Enjoy Summer-Long Color With These Long-Blooming Favorites
By Ken Lain, the mountain gardeners
Beautiful spring days draw gardeners into their backyards for a soft launch away from isolation, cabin fever, and the joy of fresh air. I am a flower grower and love the therapy my backyard provides when caring for my flowers while sipping my morning coffee.
Lisa and I are planning our backyard entertainment area and gatherings with family friends we have missed during the lock-down. There’s nothing like backyard burgers, a glass of wine, and cushy patio chairs around a fire pit with the special people in our lives. We are gardening in expectation of gathering with those we love.
There are two types of flowers, perennials and annuals. Annuals bloom non-stop the entire season we spend outdoors, then fade in the winter cold. Perennials usually have a shorter bloom cycle, but come back year after year for decades of garden enjoyment. Not all perennials are created equal in the mountains of Arizona, as many bloom longer like their annual cousins, but still come back every year.
Here is my list of long-blooming perennial flowers that repeat bloom and are magnets to hummingbirds and butterflies. Without question, they are a guarantee for extended periods of pleasant garden viewing.
Autumn Joy Stonecrop( Hylotelephium herbstfreud) is named for the literal translation of its German name, “Herbstfreud”, which means autumn joy. It blooms in late summer with flowers that gradually darken over several weeks to a rust-red by Fall. The blooms are actually large masses of smaller flowers that clump together in groups 3 inches or more across. Autumn Joy is a very long-lived perennial and requires almost no maintenance.
Bellflowers(Campanula) is a low, mat-forming plant that blooms for two solid months in late spring and early summer. It is an excellent plant for edgings, ground covers, or for trailing over walls. Divide plants every three or four years to keep clump vigorous.
Black-Eyed Susan (Rudbeckia hirta) is popular because it blooms all summer, warms the yard with its cheerful color, and requires virtually no care. Deadheading prompts reblooming on this 2′ tall plant. Local gardeners allow it to spread like a wildflower through self-seeding.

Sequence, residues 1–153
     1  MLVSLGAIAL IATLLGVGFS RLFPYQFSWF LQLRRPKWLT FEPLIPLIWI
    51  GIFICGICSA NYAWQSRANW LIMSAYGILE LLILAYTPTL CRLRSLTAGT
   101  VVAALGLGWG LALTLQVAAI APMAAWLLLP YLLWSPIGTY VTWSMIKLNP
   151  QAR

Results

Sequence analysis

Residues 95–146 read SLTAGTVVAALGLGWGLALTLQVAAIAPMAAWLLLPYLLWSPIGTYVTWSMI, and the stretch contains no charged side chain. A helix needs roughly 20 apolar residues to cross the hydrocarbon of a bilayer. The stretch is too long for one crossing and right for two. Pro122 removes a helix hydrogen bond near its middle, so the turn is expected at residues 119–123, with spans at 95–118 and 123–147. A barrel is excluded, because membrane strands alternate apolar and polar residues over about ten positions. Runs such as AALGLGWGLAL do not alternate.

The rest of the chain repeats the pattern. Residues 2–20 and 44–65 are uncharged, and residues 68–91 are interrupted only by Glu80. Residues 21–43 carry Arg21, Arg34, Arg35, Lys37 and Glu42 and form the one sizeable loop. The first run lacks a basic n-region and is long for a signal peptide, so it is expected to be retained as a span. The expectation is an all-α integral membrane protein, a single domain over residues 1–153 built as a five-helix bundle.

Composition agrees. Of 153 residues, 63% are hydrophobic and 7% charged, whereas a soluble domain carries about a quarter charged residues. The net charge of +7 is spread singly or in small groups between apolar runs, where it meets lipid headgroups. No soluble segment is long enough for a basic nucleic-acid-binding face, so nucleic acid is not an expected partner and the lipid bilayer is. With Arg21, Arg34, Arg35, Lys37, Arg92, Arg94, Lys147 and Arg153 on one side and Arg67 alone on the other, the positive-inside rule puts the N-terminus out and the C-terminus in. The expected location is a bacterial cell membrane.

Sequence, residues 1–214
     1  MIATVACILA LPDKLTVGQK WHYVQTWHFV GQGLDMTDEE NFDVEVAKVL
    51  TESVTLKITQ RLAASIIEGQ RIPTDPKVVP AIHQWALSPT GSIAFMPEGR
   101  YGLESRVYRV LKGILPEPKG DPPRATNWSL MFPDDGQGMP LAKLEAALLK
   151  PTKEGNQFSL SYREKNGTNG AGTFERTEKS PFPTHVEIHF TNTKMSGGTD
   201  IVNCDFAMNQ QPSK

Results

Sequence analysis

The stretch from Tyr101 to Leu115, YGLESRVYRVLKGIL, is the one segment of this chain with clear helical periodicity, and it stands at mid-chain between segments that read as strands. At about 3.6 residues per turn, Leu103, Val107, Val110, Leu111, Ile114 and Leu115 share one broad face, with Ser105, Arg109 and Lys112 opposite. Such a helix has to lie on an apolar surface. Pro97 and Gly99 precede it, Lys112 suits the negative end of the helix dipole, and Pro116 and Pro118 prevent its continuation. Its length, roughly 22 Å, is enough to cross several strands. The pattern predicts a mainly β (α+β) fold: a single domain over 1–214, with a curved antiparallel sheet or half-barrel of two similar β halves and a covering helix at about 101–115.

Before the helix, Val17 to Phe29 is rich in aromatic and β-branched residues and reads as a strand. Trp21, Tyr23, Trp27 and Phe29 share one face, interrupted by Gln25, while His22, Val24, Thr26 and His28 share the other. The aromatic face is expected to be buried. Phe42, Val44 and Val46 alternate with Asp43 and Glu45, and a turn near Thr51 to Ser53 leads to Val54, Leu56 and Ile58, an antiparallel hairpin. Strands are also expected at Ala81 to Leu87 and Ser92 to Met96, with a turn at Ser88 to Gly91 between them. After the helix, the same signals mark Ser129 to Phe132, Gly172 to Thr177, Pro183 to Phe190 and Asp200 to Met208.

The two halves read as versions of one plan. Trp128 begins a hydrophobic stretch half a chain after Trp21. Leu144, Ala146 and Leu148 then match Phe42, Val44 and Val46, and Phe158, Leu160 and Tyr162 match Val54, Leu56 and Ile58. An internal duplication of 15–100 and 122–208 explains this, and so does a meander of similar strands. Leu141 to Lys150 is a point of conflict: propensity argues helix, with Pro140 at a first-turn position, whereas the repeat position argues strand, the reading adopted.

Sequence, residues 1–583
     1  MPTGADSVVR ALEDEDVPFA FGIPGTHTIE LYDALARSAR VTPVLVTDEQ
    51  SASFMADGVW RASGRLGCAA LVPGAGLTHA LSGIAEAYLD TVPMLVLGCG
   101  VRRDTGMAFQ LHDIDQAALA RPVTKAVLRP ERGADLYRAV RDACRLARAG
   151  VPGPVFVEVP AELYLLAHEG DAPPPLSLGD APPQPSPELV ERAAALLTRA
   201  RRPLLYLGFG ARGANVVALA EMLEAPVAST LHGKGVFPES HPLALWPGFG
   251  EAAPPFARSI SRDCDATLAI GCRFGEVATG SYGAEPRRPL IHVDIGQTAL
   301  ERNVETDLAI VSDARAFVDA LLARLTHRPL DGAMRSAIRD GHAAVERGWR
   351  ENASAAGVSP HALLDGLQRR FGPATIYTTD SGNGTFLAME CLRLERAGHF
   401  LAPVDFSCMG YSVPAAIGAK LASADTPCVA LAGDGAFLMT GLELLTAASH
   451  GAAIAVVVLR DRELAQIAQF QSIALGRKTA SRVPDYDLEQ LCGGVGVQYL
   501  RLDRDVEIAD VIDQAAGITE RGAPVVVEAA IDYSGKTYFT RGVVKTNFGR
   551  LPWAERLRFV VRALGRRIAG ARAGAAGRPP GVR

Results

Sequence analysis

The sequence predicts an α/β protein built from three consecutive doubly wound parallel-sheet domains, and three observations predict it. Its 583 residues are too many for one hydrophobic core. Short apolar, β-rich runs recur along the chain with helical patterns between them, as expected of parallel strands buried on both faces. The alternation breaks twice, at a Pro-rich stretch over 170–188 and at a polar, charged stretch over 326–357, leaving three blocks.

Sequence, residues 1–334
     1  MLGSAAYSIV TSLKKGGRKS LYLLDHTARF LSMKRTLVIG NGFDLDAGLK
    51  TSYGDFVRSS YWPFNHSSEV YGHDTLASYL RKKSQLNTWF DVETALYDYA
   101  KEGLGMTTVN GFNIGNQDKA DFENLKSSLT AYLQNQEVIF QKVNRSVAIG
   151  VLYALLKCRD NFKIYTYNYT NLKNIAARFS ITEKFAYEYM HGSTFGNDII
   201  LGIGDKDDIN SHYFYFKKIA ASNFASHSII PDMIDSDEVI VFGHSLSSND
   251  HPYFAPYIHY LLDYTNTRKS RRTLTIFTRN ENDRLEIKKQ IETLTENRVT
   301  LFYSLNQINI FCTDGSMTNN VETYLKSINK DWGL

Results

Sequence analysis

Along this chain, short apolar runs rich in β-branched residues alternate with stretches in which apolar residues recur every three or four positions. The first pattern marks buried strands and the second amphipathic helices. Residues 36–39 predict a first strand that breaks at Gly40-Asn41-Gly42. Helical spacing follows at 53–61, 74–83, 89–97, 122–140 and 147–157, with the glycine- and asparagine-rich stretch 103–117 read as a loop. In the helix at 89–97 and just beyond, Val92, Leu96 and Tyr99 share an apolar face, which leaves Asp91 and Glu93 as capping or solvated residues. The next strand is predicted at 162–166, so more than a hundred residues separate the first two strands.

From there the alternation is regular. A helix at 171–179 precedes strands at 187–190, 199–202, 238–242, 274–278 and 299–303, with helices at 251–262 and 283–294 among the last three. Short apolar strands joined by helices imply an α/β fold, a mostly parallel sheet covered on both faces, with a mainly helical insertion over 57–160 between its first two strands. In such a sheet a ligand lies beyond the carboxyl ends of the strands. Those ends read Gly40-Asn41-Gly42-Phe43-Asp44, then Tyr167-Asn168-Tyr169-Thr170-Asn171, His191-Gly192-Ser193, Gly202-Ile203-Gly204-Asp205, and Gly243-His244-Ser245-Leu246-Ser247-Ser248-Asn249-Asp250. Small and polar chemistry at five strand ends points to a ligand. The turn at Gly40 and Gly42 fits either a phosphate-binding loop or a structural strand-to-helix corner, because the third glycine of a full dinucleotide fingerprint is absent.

Bleeding Heart(Dicentra eximia) is perfect for shade gardens. Blooms last three straight months from spring through summer. It is super easy to grow this javelina-resistant, 12″ tall plant.
Butterfly Bush(Buddleja) typically blooms from June through September. Few plants draw more butterflies into the yard than this one does. Dwarf varieties are good choices to plant in containers or raised beds. Larger types are best suited to landscape plantings. They are completely animal resistant, and bloom in colors ranging from purple, blue, pinks, and white. Every garden party should have at least one nearby for the endless butterfly entertainment it provides..
Catmint(Nepeta racemosa) should not be confused with the feline frenzy-inducing ‘catnip.’ Catmint grows just shy of knee-high so often is used as a groundcover. When sheared and fertilized with Watters ‘Flower Power.’, it repeat blooms with flowers that are a stunning blue. When planted in full sun, javelinas, deer, and rabbits find this plant utterly detestable!
Coneflower(Echinacea) blooms from June through August on plants that grow 2′ tall. Although it benefits from division every few years, it is an otherwise low maintenance plant. This perennial loves mountain sun and butterflies. It is extremely animal resistant, making it a good choice for gardens bothered by forest mammals.
Daylily – Stella de Oro(Hemerocallis) is a compact plant 9″-12″ tall, and renowned for blooming May through July. This perennial requires very little care and often is planted as a companion to Iris. Its delicate appearance belies that
English Lavender(Lavandula angustifolia) is used to scent linens, sachets, and potpourris for a ridiculously easy touch of class to any home. Even gardeners with no interest in such domesticity grow lavender to “class up” their landscapes, patios, and/or decks. A sun worshiper, lavender grows to knee height, is animal-proof, and only can be killed by overwatering.